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Information

Cadets, interested in joining…

Cadet membership is open to young people, both male and female, between 12 (And in year 8) and 17 years old (However you can stay on until you are 20) who accept the challenge. Cadets of all nationalities, backgrounds and abilities are equally welcome.

Differently abled Cadets are also welcome provided their handicap doesn't prevent them from taking part in a reasonable number of activities or is likely to put themselves or others in danger.

Not all Cadets join because they want a career with the Royal Air Force or Aerospace Industry - we are NOT a recruiting organisation for the Services - there are almost as many reasons to join as there are members.

Air Cadets is a 'military' youth organisation and accordingly there are high standards to maintain. You will be expected to take a pride in your uniform and appearance, be well mannered and self disciplined - you will be joining something to be proud of.

You will also be expected to take part in as many of the activities as possible - most Cadets don't need much persuading to do this!!!

"The more you put into the Air Cadets, the more you get back out - there is always something extra to do or go for."

Many Squadrons are happy to welcome personal visits by potential Cadets (ideally accompanied by a parent or guardian) during one of their Parade Nights. Some recruit throughout the year, others have specific entry dates. Just come along and see if you like it - there is no obligation to join!

Your local Squadron will be able to discuss what they do, show you a video of Air Cadet activities and answer any queries you or your parents/guardians may have. Don't be shy about taking that first step - it may well be the best thing you have ever done.

Air Cadets - A Cadet's View

Hello and a very warm welcome to the Air Training Corps. an organisation whose aims are to promote and encourage among young people a practical interest in aviation and the Royal Air Force, to provide training which will be useful both in service and civilian life and to foster the spirit of adventure and develop the qualities of leadership and good citizenship.

You can join a local Squadron of like minded young people and their adult staff and you will, over the years, be able to take part in all the activities they offer and become an integral part the Squadron.  What you get out of the Air Cadets is directly related to what you put in.More effort - more results.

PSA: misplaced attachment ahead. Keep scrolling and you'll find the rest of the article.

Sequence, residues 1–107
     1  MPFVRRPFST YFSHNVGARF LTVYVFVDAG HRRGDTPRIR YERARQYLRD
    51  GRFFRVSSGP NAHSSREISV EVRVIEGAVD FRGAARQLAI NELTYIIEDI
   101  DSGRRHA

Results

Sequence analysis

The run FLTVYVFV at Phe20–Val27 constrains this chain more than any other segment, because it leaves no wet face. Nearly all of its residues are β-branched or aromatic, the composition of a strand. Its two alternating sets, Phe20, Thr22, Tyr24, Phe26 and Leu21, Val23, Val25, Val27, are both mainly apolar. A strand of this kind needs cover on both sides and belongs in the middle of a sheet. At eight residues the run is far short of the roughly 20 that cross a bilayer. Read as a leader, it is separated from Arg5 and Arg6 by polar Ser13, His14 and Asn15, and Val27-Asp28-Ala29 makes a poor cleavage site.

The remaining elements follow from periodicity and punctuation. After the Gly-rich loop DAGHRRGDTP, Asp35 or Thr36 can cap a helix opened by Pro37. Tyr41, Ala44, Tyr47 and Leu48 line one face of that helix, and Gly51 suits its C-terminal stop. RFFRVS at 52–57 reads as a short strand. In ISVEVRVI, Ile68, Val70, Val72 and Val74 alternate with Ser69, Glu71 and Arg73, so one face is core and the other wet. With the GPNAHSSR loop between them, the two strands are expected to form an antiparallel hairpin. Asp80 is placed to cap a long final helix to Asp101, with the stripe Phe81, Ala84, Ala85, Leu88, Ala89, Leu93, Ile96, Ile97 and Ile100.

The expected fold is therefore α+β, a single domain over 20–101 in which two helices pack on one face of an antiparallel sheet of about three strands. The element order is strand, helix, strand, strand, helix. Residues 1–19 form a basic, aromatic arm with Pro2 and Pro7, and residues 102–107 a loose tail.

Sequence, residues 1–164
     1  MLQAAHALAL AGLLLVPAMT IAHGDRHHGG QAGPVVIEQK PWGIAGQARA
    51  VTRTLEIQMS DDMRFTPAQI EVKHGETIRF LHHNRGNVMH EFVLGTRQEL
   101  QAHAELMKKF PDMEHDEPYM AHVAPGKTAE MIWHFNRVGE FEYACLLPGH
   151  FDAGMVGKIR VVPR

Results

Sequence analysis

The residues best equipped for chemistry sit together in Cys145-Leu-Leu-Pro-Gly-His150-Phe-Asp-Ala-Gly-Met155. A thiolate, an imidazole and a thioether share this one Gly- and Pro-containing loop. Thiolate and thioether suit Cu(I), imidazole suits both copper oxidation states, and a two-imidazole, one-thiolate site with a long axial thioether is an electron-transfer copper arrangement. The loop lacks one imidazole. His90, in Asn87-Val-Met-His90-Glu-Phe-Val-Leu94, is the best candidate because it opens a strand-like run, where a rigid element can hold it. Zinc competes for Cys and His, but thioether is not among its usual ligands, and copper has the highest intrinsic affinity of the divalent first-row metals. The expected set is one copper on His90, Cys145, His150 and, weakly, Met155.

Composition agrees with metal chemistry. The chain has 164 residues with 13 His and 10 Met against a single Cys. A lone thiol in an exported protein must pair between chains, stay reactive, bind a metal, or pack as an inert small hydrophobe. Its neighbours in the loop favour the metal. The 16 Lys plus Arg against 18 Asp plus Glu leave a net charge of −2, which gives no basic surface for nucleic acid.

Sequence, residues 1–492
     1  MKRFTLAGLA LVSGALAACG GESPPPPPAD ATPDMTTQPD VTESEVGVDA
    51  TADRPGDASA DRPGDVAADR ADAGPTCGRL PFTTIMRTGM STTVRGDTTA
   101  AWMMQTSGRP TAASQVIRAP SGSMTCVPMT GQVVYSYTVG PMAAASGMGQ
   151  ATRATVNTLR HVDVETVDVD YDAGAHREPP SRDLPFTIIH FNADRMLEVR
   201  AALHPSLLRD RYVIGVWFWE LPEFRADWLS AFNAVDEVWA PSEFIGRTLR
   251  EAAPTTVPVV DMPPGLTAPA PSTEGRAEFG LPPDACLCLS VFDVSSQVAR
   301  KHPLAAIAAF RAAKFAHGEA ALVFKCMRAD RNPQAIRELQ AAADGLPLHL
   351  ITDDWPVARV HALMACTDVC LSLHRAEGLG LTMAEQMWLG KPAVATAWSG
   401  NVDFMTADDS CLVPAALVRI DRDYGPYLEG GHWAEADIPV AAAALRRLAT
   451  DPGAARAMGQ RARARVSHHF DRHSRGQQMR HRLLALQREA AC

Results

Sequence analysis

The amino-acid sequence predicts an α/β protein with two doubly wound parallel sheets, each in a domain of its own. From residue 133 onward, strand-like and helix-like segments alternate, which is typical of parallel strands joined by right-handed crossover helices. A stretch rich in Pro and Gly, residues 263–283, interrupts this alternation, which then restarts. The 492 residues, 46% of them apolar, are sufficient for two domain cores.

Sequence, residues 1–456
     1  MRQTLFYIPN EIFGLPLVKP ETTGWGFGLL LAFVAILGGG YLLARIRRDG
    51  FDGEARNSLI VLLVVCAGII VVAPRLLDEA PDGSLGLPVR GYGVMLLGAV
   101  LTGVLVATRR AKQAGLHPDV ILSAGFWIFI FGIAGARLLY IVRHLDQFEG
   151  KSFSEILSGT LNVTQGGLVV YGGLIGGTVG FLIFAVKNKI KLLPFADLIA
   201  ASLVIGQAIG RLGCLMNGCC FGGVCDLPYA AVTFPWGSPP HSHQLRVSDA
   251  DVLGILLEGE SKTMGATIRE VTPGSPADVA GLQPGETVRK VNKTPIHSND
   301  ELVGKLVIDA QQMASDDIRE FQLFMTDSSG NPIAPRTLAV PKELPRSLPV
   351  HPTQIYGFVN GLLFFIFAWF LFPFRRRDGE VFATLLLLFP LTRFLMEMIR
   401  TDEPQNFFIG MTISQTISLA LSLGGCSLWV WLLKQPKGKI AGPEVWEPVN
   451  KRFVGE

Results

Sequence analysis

What happens when I join?

When you first start there is a short time of settling in. This is where we see if you like us and we like you. It is where we see if you will settle into the Squadron and that you really want to be a part of it. Some young people leave within the first few weeks - that's fine - if it's not for you then all you have to do is tell the staff.

We hope you will stay and in a few weeks be issued with your uniform. The uniform (except shoes) is issued on loan to you free of charge. It is expensive so please look after it and remember that if and when you leave it must be returned to the Squadron.

Many Squadrons run an intensive introductory programme for new starters designed to give you the basic training in a shorter time. Such things as uniform upkeep, drill and deportment, safety, weapon handling, basic adventure training, airmanship and our rules and regulations could all be covered. Remember, that although we are a youth organisation we do have connections to the Royal Air Force, indeed they pay for your uniform, your Squadron building and the flying you will be doing shortly as well as other things.  We expect cadets to be smart and tidy and to wear their uniform with pride.  We expect good manners and good behaviour as well as loyalty to your Squadron and the Corps.  If you do not feel that you can do these things then you should not join. These are qualities which will stand you in good stead in later life.

Some cadets, maybe not much older than you, will have been promoted to become Non Commissioned Officers — Corporals, Sergeants, Flight Sergeants or Cadet Warrant Officers. They have earned their authority. One day you may become an NCO so please treat them with respect and carry out any instructions from them. It's how it is and it works well.

What of the future?

Although we are connected with the Royal Air Force you are under no liability to join the Services. Many of our cadets do go on to join not only the RAF but the Army or the Navy. Others go on to join the Police or go onto University and into many careers. All will have found their training and experiences in the Air Cadets an advantage.

There is a structured training programme of aviation subjects on the Squadron which leads to classifications and even the BTEC in Aviation Studies. But it's not all academic. There is sport, shooting, flying, adventure training, the Duke of Edinburgh's Award Scheme, leadership training, the International Air Cadet Exchange Scheme, Junior Leaders Course and more.

Flying in powered aircraft or gliders is an experience many young people can only dream of. You can do it for real. Opportunities exist in sport not only on your own Squadron but to represent your Wing, the Region or even the Corps. Can you imagine the pride of wearing your Duke of Edinburgh Gold Award on your shoulder patch? It commands respect because it has to be earned. You will be even more proud when you receive the award at one of the Royal Palaces. You may be selected for the International Air Cadet Exchange and visit one of 11 countries such as India, America, Canada. Many courses are available to you and there are opportunities to visit RAF Stations and weekly camps. You should be convinced by now.